Ancient Nepalese People Buried in Caves were Defleshed but Not Consumed
The 1,200-year-old skeleton of a young man found in a cave in Nepal had been defleshed, but researchers are unsure how he died. The lead researcher of this body and other remains said in 2011 that evidence ruled out cannibalism on the part of the ancient Nepalese people.
The Himalayan Times reports that researchers from the University of California used methods from the Standards for Data Collection from Human Skeletal Remains to estimate age and sex. The researchers, led by Mark S. Aldenderfer, also used radiocarbon dating to determine a rough estimate of the age of the remains. Moreover, they tested the man’s DNA to determine his genetic sex.
This is not the first skeleton found in the area, which is in Samdzong in the Upper Mustang District. Since 2009/2010, a couple of dozen skeletons have been found in caves in the region. An article on Archaeology News Network says scientists have found cut marks, or possible signs of defleshing, on 461 of 2,228 human bones found in the caves of Samdzong and Mebruk.
Examples of human cutmarks on the ancient Nepalese remains: (top L-R) frontal; mandible; scapula; rib; thoracic; (bottom L ‐R) ilium; humerus; femur. ( Jacqueline T. Eng )
“We did not observe any artificial mummification or other treatment of the person and we could not identify cause of death from the bones. There is clear evidence of the defleshing of these people, men and women, young and old,” Professor Aldenderfer said . Aldenderfer is the dean of the school of social sciences at the University of California.
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Aldenderfer told National Geographic in 2011 that cannibals process their victims differently, including smashing out the base of the skull to get at the brains and breaking and twisting bones to get at the marrow. That did not happen to these bodies, which he said were defleshed in a respectful way.
Ancient Origins has featured several articles about defleshing practices among ancient and prehistoric peoples, some from as long ago as 7,500 years. In all these stories, researchers said the evidence did not point to cannibalism but rather preparing the body for death in a ritual way.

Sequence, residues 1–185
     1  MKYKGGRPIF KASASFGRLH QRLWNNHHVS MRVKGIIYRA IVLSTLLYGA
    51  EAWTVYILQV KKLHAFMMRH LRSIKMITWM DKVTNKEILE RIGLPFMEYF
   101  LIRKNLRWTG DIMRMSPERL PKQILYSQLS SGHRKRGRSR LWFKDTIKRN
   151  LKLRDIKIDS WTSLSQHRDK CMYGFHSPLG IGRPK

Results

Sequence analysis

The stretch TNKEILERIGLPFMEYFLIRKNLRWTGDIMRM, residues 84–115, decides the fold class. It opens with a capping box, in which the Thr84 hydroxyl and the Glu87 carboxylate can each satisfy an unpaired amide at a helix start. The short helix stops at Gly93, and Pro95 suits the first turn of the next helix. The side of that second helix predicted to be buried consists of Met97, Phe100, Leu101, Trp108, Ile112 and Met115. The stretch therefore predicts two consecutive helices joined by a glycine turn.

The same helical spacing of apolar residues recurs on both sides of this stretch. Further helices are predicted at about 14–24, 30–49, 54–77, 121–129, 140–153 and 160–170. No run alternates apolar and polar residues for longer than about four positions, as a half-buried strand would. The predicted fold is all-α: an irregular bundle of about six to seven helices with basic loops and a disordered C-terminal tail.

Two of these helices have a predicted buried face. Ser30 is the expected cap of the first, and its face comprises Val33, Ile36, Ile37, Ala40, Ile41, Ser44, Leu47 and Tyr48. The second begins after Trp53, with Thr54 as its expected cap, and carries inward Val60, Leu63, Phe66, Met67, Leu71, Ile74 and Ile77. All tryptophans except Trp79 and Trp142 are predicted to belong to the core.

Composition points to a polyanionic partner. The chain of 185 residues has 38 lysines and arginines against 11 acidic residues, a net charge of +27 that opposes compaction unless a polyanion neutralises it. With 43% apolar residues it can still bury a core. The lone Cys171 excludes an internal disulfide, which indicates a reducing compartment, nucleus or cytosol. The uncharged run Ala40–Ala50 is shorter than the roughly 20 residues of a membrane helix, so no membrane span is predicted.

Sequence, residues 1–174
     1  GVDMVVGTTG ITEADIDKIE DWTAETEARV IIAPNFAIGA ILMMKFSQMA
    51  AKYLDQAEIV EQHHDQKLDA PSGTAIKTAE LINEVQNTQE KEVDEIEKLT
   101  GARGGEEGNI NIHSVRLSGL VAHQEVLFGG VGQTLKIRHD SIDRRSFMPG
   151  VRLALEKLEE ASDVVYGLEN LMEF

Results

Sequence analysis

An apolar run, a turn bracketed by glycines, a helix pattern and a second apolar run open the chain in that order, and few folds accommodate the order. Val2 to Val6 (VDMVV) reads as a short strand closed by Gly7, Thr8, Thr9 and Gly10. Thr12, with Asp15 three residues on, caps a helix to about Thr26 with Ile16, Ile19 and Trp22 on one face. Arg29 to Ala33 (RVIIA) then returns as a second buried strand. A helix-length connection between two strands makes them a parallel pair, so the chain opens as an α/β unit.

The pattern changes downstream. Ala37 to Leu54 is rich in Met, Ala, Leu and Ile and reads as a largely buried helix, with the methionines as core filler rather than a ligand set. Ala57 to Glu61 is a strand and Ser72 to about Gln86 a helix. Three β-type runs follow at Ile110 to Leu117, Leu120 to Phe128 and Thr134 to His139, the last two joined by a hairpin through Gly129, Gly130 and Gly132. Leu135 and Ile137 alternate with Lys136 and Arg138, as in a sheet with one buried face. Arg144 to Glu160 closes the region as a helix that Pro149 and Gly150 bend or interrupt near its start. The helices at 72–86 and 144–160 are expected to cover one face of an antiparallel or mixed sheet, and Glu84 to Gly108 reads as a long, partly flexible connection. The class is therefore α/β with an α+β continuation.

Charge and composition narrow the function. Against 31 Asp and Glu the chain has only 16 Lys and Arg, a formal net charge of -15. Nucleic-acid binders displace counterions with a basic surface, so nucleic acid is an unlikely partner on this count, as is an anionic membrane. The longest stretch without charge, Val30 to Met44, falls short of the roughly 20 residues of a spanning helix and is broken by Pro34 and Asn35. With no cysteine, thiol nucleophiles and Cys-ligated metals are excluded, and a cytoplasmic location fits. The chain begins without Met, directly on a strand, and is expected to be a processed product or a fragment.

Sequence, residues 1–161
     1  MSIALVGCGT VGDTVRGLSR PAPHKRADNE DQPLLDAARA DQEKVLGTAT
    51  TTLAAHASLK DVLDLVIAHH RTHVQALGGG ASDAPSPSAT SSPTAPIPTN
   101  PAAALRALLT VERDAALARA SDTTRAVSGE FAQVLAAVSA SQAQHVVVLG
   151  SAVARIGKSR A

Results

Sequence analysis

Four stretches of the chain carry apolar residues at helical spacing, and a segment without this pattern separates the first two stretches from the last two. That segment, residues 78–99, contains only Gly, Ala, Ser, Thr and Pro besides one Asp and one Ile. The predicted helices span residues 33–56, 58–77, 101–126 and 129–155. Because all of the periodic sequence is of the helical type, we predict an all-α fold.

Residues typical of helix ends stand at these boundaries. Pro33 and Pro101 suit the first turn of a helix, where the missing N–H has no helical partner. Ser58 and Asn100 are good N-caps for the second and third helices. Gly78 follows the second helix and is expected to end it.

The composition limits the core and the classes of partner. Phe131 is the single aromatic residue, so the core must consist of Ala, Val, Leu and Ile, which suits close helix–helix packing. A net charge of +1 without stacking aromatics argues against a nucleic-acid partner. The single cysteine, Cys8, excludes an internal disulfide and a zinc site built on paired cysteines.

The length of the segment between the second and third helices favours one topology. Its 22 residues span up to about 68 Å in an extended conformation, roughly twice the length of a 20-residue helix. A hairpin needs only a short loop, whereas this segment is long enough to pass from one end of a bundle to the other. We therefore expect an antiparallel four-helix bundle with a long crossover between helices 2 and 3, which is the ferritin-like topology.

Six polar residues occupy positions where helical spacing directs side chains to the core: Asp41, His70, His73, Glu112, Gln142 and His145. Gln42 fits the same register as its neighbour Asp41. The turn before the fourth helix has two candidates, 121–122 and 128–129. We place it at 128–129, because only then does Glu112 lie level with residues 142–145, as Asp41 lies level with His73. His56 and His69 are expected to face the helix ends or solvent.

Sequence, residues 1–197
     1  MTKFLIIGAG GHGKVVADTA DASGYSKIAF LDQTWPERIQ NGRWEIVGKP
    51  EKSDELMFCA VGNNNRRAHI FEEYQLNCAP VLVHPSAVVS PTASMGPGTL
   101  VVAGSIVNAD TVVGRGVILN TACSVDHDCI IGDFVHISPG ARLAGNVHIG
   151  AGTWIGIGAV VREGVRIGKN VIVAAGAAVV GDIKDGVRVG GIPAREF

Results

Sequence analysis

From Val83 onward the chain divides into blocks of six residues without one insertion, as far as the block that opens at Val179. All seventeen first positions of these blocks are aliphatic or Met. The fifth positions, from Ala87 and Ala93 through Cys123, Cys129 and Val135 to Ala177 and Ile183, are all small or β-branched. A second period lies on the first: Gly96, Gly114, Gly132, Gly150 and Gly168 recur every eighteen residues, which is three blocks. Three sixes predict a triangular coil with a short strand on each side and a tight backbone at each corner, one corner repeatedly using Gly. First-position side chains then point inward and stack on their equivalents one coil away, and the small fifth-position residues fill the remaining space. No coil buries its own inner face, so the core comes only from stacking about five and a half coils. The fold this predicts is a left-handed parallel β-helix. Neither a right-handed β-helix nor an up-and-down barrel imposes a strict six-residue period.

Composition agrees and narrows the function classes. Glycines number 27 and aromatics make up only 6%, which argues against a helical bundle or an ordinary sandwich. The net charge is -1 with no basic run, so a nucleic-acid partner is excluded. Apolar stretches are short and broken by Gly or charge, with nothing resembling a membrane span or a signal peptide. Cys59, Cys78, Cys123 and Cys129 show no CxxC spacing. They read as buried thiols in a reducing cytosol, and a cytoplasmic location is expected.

Researchers discovered the Samdzong caves sites in 2010, and found 10 burial shafts containing mostly collective graves. The burials range in date from 850 BC to 800 AD, Aldenderfer said .
This latest find is different in that just one individual was found, the young man. “Among 10 shaft tombs, most of the chambers were communal in nature, as they housed multiple individuals, while Samdzong cave 7 had a single interment,” Aldenderfer explained to The Himalayan Times.
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He said most of the bodies had been placed on low wooden platforms and buried with ceramics, copper vessels, iron plates, iron daggers and arrow points, bamboo cups, and horse tack - including buckets, bridles, and saddles.
The man in question had been buried with a whetstone of the type used to sharpen blades, a knife handle, and an iron arrow-point with some wood still attached. Researchers have also found remains of goats, sheep, and two horses in the tombs.
Excavating at the caves in Nepal. ( Jacqueline Eng/Western Michigan University )
An earthquake in 2015 disturbed the caves and the burials, and scientists do not know exactly how the artifacts were arranged among the remains of the dead. The Archaeology News Network article does not say why, when the bodies were discovered in 2010, the arrangement of the artifacts was unknown though the earthquake didn’t strike until 2015. Perhaps the scientists had not excavated all of the bodies yet.
The same article states that the genetics of the remains from the two caves show the individuals were descended from people who settled this area of the Tibetan plateau about 3,000 years ago.
A gold mask found in the caves of Samdzong, Nepal. Credit: Mark Aldenderfer
The Archaeology News Network story says the University of California is doing the research in association with some members of the Tibetan Department of Archaeology. Jiban Ghimire of SkyDoor Foundation Nepal says the researchers are trying to understand the first people who settled the high Himalayan valleys.
Top image: Researcher and filmmaker Jake Norton photographs a 1,200-year-old skeleton from Samdzong, Nepal. Source: Liesl Clark
By Mark Miller